“The quality of his lyrics and elegies, alpha and omega of the poet’s trade, indicate a warm and intelligent man who tackles the big subjects with economy and tact.”
The Independent


Articles on Rutger Kopland
Introduction to Memories of the Unknown by translator James Brockway

Websites on Rutger Kopland
Librairie Compagnie
On Souvenirs de l’inconnu (Editions Gallimard 1998)
Language: French

On J.M. Coetzee’s Landscape with Rowers (Princeton University Press 2004)
Language: English

One poem in Swedish, translated by Lasse Söderberg
Language: Swedish

Interview with Kopland by Tjitte Faber, January 2004, in Dutch
Language: Dutch


Onder het vee (Van Oorschot, Amsterdam 1966)
Het orgeltje van Yesterday (Van Oorschot, Amsterdam 1968)
Alles op de fiets (Van Oorschot, Amsterdam 1969)
Wie wat vindt heeft slecht gezocht (Van Oorschot, Amsterdam 1972)
Een lege plek om te blijven (Van Oorschot, Amsterdam 1975)
Al die mooie beloften (Van Oorschot, Amsterdam 1978)
Dit uitzicht (Van Oorschot, Amsterdam 1982)
Voor het verdwijnt en daarna (Van Oorschot, Amsterdam 1985)
Herinneringen aan het onbekende (Anthology, Van Oorschot, Amsterdam 1988)
Dankzij de dingen (Van Oorschot, Amsterdam 1989)
Geduldig gereedschap (Van Oorschot, Amsterdam 1993)
Tot het ons loslaat (Van Oorschot, Amsterdam 1997)
Verzamelde gedichten (1966-1999) (Collected Poems, Van Oorschot, Amsterdam 1999)
Geluk is gevaarlijk (Anthology, Maarten Muntinga; Rainbow Pocket, Amsterdam 1999)
Over het verlangen naar een sigaret (Van Oorschot, Amsterdam 2001)
Wat water achterliet (Gedichtendagbundel, Poetry International/Van Oorschot, Rotterdam-Amsterdam 2004)
Een man in de tuin (Van Oorschot, Amsterdam 2004)
Verzamelde gedichten (Collected Poems, Van Oorschot, Amsterdam 2007)
Toen ik dit zag (Van Oorschot, Amsterdam 2008)

Essay collections on poetry
Het mechaniek van de ontroering (Van Oorschot, Amsterdam 1995)
Mooi, maar dat is het woord niet (Van Oorschot, Amsterdam 1998)
Twee ambachten (Van Oorschot Amsterdam 2003)

Collection of travel and translation notes
Jonge sla in het oosten (Van Oorschot, Amsterdam 1997)

Translated collections (selection)
An Empty Place to Stay (Twin Peaks Press, San Francisco 1977. English translations by Ria Leigh-Loohuizen)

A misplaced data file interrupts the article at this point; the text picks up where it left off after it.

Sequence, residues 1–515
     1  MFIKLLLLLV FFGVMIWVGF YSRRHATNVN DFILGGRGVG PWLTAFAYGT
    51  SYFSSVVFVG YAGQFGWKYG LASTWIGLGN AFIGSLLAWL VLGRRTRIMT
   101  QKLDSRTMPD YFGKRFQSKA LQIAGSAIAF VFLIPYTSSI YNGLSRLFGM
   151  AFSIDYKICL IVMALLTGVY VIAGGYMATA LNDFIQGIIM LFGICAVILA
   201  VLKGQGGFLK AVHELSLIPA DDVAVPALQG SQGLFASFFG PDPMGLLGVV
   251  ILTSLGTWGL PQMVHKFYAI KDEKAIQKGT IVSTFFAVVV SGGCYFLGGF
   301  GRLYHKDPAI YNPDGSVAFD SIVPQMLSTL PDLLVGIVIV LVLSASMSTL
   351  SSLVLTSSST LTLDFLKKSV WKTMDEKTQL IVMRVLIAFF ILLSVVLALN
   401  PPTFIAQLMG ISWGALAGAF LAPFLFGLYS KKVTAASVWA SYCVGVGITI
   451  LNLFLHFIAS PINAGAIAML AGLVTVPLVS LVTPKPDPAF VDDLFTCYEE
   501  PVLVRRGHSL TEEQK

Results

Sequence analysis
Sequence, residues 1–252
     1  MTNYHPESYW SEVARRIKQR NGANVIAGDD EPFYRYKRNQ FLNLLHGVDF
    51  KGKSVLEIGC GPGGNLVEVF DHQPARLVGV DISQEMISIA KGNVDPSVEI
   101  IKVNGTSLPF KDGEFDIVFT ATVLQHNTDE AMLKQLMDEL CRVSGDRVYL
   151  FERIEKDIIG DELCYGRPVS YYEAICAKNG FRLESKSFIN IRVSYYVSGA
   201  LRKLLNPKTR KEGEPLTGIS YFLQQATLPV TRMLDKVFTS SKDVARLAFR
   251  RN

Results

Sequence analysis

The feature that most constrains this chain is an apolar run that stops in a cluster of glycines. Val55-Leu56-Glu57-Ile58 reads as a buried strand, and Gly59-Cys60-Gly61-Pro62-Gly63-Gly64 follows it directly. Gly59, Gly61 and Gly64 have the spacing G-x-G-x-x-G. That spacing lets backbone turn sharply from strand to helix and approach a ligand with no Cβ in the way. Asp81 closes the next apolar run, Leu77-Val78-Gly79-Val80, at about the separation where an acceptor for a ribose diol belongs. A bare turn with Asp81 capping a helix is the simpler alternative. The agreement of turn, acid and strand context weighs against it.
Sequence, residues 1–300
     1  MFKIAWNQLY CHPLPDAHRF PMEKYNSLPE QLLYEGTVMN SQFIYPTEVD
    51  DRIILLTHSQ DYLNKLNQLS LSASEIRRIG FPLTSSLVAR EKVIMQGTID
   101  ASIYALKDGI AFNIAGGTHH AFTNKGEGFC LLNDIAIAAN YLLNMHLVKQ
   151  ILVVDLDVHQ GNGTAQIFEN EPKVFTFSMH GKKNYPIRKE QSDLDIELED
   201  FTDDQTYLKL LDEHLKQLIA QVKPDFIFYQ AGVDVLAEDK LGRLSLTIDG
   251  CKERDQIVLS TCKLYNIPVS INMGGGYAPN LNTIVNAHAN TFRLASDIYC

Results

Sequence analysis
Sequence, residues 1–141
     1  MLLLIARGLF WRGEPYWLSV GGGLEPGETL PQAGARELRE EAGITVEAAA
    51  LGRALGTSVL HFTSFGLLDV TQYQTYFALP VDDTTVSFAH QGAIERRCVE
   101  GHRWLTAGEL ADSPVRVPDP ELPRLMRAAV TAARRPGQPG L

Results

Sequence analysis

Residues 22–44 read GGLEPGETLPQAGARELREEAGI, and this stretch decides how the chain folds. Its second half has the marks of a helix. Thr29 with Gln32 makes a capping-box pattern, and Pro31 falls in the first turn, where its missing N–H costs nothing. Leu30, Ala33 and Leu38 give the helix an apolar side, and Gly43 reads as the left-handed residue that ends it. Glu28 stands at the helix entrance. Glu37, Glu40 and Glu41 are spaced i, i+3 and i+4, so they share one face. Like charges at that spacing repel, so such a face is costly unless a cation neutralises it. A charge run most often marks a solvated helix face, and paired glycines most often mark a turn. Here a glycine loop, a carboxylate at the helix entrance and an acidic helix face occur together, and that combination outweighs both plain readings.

Songer à partir (Gallimard, Paris 1986. French translations by Paul Gellings)
The Prospect and the River (Jackson’s Arm, London 1987. English translations by James Brockway)
A World Beyond Myself (Enitharmon Press, London 1991. English translations by James Brockway)
Wybór poezji (Leopoldinum, Wroclaw 1992. Polish translations by Andrzej Dabrówka)
Ha-lo yadua she-nizkarti bo (Carmel, Jerusalem 1997. Hebrew translations by Shlomo Gnor and Assi Degani)
Souvenirs de l’inconnu: poèmes (Gallimard, Paris 1998. French translations by Paul Gellings)
Memories of the Unknown (The Harvill Press, London 2001. English translations by James Brockway)
Ei verd utanfor meg sjølv (Det Norske Samlaget, Oslo 2005. Norwegian translations by Finn Øglænd)
Prima della scomparsa e dopo (Edizioni del Leone, Spinea 2005. Italian translations by Giorgio Faggin and Giovanni Nadiani)
What Water Left behind (Waxwing Poems, Dublin 2005. English translations by Willem Groenewegen)
Dank sei den Dingen. Augewählte Gedichte 1966-2006 (Hanser, München 2008. German translations by Mirko Bonné and Hendrik Rost)

A choice of Kopland’s poetry was published in The Vintage Book Of Contemporary World Poetry (Vintage Books, New York 1996). Noble Prize Winner J.M. Coetzee translated Kopland’s poetry for his anthology Landscape with Rowers: Poetry from the Netherlands (Princeton University Press, Oxford 2004). Poems by Kopland have also been translated and published in Spanish, Russian, Czech, Slovakian, Hungarian, Bulgarian, Romanian, Servo-Croatian, Macedonian, Greek, Arabic, Portuguese, Indonesian, Japanese and Chinese.